The first sky-watching event of 2012 is expected to peak at 2 A.M. EST, or 0700 GMT on January 4, 2012. If you choose to stay up late tonight or wake up early tomorrow morning, you could be in for a surprise as an expected rate of 100 meteors per hour are expected from this years first major sky-watching event according to the official statement from NASA. Luckily for all of you sky-gazers, the moon is scheduled to set around 3 A.M. local time, so if clear skies prevail in your area, conditions will be excellent for watching the meteor show into the pre-dawn hours overnight.
The eastern half of North America is expected to be able to view as many as 50-to-100 “Quads” in a single hour, while the western half of the North American continent the display will be on the wane by the time the moon sets, with hourly rates probably diminishing to around 25 to 50 meteors per hour.
Map of location to view event:
Unlike the more well-known Perseid and Geminid meteor showers, the Quadrantids last only a few hours, so sky-watchers will have a much narrower window of opportunity to spot them.
Meteor showers occur when Earth travels through leftover debris from comets or asteroids traveling through our solar system. They are commonly referred to as “shooting stars,” because of the way they look streaking across the sky. The Quadrantid meteors originate from an asteroid called 2003 EH1, and were first documented in the year 1825. According to some studies, this cosmic body could be a piece of a comet that broke apart several centuries ago, and the Quadrantids are the crumbled remains of this comet, NASA officials said.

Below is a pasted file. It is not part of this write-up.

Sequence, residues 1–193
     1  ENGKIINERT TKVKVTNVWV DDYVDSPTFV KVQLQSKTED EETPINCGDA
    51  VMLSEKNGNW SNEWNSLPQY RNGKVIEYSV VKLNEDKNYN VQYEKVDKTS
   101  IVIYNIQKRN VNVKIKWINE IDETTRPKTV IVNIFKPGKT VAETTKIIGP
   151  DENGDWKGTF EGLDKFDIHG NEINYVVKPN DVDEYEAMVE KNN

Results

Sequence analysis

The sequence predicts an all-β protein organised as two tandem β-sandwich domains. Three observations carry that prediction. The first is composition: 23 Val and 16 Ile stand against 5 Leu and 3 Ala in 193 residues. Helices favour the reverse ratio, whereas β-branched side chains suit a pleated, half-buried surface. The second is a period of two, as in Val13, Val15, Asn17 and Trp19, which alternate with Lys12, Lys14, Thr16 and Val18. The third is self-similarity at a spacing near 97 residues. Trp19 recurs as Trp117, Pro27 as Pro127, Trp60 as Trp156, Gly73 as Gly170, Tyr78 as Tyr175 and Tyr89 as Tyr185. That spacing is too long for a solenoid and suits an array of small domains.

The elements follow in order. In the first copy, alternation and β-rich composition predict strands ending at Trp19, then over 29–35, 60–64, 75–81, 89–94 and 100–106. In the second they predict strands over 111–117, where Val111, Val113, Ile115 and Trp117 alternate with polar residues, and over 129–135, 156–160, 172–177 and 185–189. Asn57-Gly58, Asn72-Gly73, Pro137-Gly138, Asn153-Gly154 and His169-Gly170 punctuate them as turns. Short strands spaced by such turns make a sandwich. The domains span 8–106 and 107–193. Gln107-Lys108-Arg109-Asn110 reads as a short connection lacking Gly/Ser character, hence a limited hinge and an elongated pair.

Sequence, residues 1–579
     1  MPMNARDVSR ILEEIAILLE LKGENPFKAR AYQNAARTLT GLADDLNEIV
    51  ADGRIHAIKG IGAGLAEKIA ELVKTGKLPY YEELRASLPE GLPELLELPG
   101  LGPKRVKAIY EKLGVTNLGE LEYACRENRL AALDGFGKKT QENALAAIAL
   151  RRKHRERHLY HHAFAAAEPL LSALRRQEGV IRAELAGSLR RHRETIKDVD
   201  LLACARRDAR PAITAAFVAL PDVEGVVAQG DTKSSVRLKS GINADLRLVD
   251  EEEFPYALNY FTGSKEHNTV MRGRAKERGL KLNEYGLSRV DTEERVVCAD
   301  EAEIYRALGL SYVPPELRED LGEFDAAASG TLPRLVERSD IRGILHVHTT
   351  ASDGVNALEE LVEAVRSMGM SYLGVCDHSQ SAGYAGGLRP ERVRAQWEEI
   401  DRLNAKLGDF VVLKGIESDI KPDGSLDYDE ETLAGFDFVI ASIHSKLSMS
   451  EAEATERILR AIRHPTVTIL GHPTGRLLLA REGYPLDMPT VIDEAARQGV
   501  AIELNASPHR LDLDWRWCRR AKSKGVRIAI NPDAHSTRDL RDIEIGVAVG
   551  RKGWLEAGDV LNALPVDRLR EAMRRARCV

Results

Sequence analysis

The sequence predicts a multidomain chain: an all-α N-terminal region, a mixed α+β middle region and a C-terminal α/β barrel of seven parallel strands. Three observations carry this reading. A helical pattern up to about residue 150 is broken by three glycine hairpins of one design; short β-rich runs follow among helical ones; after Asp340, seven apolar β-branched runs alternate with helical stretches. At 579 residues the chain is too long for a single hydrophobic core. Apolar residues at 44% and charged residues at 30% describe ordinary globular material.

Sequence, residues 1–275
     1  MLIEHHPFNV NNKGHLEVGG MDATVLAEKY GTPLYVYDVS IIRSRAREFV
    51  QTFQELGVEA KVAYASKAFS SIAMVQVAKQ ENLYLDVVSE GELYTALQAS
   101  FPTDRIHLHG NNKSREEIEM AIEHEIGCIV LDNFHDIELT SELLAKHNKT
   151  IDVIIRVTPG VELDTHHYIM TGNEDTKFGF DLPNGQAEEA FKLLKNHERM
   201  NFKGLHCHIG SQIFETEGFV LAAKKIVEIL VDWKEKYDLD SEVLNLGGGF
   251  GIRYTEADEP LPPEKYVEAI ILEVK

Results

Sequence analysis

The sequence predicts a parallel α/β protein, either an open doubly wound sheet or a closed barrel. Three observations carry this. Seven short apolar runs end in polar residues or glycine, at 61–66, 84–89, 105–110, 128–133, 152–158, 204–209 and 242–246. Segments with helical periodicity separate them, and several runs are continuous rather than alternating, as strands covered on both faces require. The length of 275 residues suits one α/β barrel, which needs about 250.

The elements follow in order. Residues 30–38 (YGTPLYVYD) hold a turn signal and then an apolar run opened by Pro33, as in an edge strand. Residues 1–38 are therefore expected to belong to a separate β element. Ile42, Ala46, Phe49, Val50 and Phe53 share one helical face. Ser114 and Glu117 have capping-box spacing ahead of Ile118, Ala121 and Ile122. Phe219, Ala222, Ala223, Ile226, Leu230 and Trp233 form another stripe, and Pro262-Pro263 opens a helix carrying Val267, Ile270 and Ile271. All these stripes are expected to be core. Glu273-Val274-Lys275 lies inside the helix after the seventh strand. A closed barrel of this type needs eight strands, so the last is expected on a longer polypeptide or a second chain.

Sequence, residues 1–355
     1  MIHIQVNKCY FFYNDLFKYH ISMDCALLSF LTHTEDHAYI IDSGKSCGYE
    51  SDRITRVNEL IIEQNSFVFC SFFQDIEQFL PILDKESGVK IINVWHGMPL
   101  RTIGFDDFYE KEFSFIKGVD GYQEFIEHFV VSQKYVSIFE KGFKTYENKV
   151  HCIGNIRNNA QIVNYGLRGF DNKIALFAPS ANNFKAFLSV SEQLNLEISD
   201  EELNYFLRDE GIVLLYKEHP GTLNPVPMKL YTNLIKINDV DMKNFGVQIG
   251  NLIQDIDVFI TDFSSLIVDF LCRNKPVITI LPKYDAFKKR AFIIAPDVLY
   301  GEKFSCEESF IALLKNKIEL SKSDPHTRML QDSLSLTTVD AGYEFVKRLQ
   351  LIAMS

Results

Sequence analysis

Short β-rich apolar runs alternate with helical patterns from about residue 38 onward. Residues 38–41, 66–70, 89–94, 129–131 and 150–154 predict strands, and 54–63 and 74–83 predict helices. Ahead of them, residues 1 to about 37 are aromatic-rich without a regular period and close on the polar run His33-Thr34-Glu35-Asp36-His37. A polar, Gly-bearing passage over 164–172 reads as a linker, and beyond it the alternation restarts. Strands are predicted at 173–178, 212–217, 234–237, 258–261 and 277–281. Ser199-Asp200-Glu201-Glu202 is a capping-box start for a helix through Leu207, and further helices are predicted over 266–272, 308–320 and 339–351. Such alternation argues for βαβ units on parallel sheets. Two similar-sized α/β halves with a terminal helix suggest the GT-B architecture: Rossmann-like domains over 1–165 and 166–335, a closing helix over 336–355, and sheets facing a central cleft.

As Earth passes through, dust and debris will enter the planet’s atmosphere a blistering speed of about 90,000 miles per hour (almost 145,000 kilometers per hour). These fragments will burn up about 50 miles (80 km) above Earth’s surface, NASA officials said, giving us the light show.
Most meteor showers get their name based on the constellations from which they appear to streak through the sky. When we look at the so-called radiants, we are looking down the paths of the meteors that enter the Earth’s atmosphere and burn up.
Because of the location of the radiant, at the northern tip of the constellation Bootes, only northern hemisphere sky-watchers will be able to see Quadrantids.The Quadrantids were named after the constellation of Quadrans Muralis, the wall quadrant, which is located between the constellations of Bootes and Draco. Quadrans Muralis was named by the French astronomer Jerome Lalande in 1795.
The constellation represents an early astronomical instrument that was used to observe and plot stars. Interestingly, the constellation is no longer recognized by the astronomical community, but the name lives on with the January meteor shower, so we hope you enjoy the 2012 Quadrantid Meteor Shower.